My God, when I went to High School and college, Roger Dean and Yes were always held in very high regard amongst the class artists and musicians.

    What the hell happened to that fan base of would-be creative professionals in later years?

    ...just sayin'

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    Mega Insane Yesfan rmig68's Avatar
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    Re: Avatar - a Roger Dean 'Floating Islands' rip off?

    Quote Originally Posted by denmac View Post
    Careful with the "rip off" label when discussing art - see the work of American illustrator Maxfield Parrish (1870 - 1966).

    Maybe use the word "influence" instead!!

    I'm just sayin'.
    Yeah, I worked at The Palace Hotel in San Francisco doing AV about 12 years ago, and there's a bar called Maxfield's with an original Parrish painting in there.

    Aw yes, here it is, (note the Dean-esque mountain and rocks and even the tree):

    Last edited by rmig68; 12-14-2009 at 02:56 PM.

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    SR Lego Yesfan Altres's Avatar
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    Re: Avatar - a Roger Dean 'Floating Islands' rip off?

    It looks like it's taken a bit of inspirastion from Studio Ghibli too. Of course, I always thought Hayao Miyazaki was a Roger Dean fan anyway. Any fans of Laputa: Castle in the Sky, Nausicaä of the Valley of the Wind, My Neighbour Totoro, Porco Rosso, Princess Mononoke, Spirited Away, Howl's Moving Castle etc? Absolute genius.





    Brian

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    Administrator InverYes's Avatar
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    Re: Avatar - a Roger Dean 'Floating Islands' rip off?

    Not forgetting this little fella too.

    C

    "Do you want to cruelly and thoughtlessly wrench apart God's own United Kingdom which stood up against the Nazis in WW2 and be cast into utter darkness without heat, food or light forever and have to worship Alex Salmond like he was Kim Il-Sung? Do you? Do you? Eh? Because if you do you're just letting Hitler win. Plus your football team will still be rubbish, you'll make the Baby Jesus cry, and this little kitten will drown. And that's a fact."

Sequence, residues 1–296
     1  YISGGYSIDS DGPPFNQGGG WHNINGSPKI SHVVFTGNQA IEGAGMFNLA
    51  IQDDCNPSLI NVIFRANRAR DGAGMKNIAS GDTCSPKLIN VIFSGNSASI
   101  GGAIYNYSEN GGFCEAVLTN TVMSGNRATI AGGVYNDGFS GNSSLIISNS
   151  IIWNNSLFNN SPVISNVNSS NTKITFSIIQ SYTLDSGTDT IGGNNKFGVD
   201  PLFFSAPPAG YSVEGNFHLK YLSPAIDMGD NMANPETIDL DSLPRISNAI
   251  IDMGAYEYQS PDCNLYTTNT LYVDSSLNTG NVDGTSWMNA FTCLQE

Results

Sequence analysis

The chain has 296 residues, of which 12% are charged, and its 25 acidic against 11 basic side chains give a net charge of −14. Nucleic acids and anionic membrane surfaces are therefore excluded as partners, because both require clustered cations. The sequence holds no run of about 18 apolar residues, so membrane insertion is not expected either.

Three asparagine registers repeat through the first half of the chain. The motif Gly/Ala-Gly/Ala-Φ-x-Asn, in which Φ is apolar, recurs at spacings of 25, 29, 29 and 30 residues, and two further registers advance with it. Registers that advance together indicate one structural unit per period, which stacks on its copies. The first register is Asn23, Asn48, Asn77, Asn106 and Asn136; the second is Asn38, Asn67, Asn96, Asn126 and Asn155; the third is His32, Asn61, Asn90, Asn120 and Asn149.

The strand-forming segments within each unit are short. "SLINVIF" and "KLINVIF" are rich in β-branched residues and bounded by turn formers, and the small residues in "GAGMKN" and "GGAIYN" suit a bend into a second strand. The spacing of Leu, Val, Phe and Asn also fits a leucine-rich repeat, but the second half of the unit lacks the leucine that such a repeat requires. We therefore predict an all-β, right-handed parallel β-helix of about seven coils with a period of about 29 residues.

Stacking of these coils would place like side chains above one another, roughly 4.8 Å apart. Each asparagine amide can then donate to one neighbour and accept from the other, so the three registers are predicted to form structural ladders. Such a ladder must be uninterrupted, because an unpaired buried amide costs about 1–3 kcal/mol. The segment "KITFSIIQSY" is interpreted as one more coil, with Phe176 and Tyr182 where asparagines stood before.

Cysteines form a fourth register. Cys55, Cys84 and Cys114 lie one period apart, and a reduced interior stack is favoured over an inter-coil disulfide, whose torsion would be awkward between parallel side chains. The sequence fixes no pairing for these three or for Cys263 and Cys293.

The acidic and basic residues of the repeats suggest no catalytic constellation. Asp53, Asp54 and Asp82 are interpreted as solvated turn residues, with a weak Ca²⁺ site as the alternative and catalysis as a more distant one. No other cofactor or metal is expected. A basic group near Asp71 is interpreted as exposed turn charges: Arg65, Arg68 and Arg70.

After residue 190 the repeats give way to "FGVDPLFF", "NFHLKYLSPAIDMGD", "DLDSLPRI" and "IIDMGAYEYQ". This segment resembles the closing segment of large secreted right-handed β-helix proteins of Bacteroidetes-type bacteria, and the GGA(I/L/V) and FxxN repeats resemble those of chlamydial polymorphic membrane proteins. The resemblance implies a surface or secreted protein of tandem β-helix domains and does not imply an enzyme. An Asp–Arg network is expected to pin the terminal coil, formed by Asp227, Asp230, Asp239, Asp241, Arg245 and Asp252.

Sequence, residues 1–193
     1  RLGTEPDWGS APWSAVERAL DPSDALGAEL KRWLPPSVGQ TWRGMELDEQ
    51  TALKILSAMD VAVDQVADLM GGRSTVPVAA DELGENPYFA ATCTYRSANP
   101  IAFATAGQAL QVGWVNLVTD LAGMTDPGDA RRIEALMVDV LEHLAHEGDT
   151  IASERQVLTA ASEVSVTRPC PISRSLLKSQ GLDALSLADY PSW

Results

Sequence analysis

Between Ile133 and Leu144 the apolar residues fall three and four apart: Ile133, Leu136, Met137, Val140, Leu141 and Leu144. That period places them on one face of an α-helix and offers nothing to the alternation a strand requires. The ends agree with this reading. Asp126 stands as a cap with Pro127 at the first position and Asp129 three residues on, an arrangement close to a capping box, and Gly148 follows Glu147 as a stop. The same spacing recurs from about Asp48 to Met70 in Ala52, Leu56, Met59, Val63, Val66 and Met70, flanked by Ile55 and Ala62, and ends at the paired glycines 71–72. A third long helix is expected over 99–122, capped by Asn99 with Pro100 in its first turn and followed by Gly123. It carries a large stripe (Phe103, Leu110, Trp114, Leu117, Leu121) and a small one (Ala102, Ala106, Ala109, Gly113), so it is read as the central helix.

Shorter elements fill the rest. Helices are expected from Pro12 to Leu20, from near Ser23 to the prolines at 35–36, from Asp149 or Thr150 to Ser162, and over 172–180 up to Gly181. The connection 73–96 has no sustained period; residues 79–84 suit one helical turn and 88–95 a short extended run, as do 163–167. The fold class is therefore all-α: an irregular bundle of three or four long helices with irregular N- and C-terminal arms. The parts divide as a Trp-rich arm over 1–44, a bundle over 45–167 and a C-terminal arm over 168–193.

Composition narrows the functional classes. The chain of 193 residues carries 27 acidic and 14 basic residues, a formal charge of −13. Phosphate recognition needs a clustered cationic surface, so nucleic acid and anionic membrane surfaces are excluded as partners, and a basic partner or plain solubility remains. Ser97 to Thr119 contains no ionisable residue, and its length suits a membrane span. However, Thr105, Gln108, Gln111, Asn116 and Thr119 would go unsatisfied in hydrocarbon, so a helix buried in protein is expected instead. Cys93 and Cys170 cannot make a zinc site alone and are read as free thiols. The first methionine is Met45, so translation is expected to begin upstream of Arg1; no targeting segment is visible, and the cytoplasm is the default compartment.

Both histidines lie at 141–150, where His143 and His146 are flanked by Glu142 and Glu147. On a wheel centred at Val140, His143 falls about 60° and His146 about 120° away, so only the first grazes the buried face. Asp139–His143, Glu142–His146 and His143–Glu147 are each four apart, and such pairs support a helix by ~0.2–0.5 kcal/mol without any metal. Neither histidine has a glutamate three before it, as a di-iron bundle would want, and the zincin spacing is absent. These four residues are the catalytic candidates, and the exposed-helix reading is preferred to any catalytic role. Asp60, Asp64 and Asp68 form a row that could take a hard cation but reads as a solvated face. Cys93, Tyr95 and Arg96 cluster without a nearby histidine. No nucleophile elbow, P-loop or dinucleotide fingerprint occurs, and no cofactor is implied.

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    hello again John Khatru's Avatar
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    Re: Avatar - a Roger Dean 'Floating Islands' rip off?

    http://io9.com/5426120/did-prog-rock...o-yes/gallery/

    an influence? a homage? Oh I'm sure copies of Views, Magnetic Storm were perused in the early preproduction stages of Avatar..

    Well... Avatar looks like a really wild trip!! ... definately gonna be seeing it this weekend

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    Just an old hippie! STEVEtheYESman's Avatar
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    Re: Avatar - a Roger Dean 'Floating Islands' rip off?

    Had a buddy who went to UCLA back in the early 70's who rented an apartment near the campus with some friends...
    On two of the walls in the living room were Roger Dean paintings from the Yessongs album. Each wall was entirely covered with a depiction from two sides of the album. I don't remember which sides were depicted... It was awsome because none of my buddy's roommates were fans of Yes. My friend and I did some educating!

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    Moderating Yesfan True Believer's Avatar
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    Re: Avatar - a Roger Dean 'Floating Islands' rip off?




    Support the site server fund!




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    Steve Mahoney Steve Mahoney's Avatar
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    Re: Avatar - a Roger Dean 'Floating Islands' rip off?

    Yep
    I Tend To See This From A Different Angle / .

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    Yes Spice TNyesfan's Avatar
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    Re: Avatar - a Roger Dean 'Floating Islands' rip off?

    I'm a huge Dean fan, but that Avatar is a rip-off did not occur to me. That Dean influenced the art is possible. Aren't there still schools of thought and practice in art?

    If there are straight out copies of his work though, Dean should say something - in court.

    I wanted to see this movie before - now I really want to see it.
    Trudes

    Go Yes. ~ Rob (luvyesmusic)

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    NOVEMBERISM 2011 pedro skychaser's Avatar
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    Re: Avatar - a Roger Dean 'Floating Islands' rip off?

    gonna see it this satdee with goodwife+++sammy mac the rockkid....after OPORTO burgers----will debrief+review

    STAY TUNED